FDA

FDA Publishes Report on Fall 2020 E. Coli Outbreak in Leafy Greens

By Food Safety Tech Staff
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FDA

Today the FDA released a report on its investigation into the E. coli O157:H7 outbreak involving leafy greens during the Fall 2020. The report also identified three reoccurring trends in the contamination of leafy greens grown in the Central Coast of California related to the outbreak strain, region and issues with activities on adjacent land.

In January, FDA released preliminary findings, which linked cattle feces to the outbreak strain—located uphill from where contaminated leafy greens were grown.

“In the investigation, the FDA recommends that growers of leafy greens in the California Central Coast Growing Region consider this reoccurring E. coli strain a reasonably foreseeable hazard, and specifically of concern in the South Monterey County area of the Salinas Valley,” stated Frank Yiannas, deputy commissioner for food policy and response, in an agency news release. “It is important to note that farms covered by the Food Safety Modernization Act (FSMA) Produce Safety Rule are required to implement science and risk-based preventive measures in the rule, which includes practices that prevent the introduction of known or reasonably foreseeable hazards into or onto produce.”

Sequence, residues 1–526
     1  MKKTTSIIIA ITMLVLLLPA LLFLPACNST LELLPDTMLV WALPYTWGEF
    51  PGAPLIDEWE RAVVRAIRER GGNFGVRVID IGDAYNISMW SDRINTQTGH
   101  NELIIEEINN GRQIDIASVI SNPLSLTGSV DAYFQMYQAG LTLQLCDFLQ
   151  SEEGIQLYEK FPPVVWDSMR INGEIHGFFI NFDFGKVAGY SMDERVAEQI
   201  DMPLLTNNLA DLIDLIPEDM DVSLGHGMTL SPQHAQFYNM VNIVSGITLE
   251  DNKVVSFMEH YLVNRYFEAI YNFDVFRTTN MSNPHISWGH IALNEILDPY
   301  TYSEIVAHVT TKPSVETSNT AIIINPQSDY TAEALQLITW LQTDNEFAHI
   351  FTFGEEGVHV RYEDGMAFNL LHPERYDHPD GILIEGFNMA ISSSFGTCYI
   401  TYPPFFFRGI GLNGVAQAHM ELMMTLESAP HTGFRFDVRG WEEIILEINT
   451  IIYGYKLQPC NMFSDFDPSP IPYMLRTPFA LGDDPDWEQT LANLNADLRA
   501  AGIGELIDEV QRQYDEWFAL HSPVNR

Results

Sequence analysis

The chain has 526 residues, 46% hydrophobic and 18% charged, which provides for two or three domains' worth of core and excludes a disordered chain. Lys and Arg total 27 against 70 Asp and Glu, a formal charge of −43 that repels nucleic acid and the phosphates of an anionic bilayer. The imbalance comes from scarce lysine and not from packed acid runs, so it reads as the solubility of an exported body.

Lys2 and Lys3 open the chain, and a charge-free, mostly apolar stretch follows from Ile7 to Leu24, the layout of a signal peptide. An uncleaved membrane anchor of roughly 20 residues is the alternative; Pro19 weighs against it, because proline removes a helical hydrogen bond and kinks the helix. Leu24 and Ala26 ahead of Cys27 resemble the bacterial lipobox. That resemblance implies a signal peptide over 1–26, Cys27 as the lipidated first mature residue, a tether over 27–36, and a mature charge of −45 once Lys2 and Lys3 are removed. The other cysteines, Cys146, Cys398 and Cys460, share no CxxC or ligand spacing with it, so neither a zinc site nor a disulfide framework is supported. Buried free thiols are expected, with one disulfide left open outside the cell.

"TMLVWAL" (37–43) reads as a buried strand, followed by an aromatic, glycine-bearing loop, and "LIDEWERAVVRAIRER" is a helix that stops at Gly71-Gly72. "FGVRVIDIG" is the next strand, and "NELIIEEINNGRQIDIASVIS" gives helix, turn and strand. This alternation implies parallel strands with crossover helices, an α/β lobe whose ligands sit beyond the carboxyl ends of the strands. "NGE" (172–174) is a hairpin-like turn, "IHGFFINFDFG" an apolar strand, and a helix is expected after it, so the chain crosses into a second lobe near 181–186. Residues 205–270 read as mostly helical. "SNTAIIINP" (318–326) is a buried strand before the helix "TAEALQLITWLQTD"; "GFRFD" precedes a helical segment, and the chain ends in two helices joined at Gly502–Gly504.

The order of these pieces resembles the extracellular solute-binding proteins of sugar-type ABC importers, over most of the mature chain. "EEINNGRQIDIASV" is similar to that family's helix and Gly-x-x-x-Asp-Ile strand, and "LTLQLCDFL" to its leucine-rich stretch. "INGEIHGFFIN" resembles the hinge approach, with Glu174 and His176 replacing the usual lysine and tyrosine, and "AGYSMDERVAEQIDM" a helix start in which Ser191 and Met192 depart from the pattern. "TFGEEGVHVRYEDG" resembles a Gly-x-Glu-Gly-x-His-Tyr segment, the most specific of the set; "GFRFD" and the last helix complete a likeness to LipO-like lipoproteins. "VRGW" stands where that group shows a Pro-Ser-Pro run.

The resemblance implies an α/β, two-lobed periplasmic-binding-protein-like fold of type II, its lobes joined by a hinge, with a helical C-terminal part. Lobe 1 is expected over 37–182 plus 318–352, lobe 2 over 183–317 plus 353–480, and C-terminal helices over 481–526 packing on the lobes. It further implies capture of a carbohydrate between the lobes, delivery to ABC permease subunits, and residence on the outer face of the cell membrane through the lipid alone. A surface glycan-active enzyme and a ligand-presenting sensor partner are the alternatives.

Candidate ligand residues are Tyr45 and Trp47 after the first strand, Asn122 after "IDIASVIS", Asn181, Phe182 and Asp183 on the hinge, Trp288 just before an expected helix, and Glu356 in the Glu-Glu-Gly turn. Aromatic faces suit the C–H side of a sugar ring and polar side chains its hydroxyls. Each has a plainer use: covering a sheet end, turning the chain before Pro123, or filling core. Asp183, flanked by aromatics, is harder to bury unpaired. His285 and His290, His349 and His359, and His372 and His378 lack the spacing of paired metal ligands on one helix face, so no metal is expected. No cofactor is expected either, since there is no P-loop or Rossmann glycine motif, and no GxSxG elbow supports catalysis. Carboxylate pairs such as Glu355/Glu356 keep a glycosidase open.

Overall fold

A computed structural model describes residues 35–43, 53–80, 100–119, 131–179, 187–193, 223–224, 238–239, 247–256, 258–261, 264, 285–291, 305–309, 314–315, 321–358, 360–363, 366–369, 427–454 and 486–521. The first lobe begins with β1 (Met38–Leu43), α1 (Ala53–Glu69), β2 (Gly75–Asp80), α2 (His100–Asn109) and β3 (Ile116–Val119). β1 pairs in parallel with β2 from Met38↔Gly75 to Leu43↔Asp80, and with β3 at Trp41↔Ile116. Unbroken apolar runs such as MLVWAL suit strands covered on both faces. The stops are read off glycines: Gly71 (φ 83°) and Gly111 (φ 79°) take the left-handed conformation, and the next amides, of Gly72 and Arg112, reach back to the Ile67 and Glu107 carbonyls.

The 2021 Food Safety Consortium Virtual Conference Series kicks off on May 6 with a keynote address from Frank Yiannas, deputy commissioner of food policy and response at FDA The FDA also recommends that the region’s agricultural community work to determine where the reoccurring strain of the pathogenic E. coli is persisting, along with the probable contamination route(s).

“Although the FDA is keenly focused on taking steps to help mitigate recurring leafy green contamination events, we alone cannot fix this issue. Industry leadership and collaboration among growers, processors, retailers, state partners and the broader agricultural community is critical to reducing foodborne illnesses,” Yiannas stated. “At the FDA, the safety of leafy greens remains a top priority, and we are committed to working with all stakeholders to address this significant public health issue and further protect consumers.”

The Report, “Factors Potentially Contributing to the Contamination of Leafy Greens Implicated in the Fall 2020 Outbreak of E. coli O157:H7”, can be downloaded from FDA’s website.

MilliporeSigma

Ask the Expert: Best Practice Discussion on Membrane Filtration and How Set Up Can Affect Sample Results

By Michel van Musschenbroek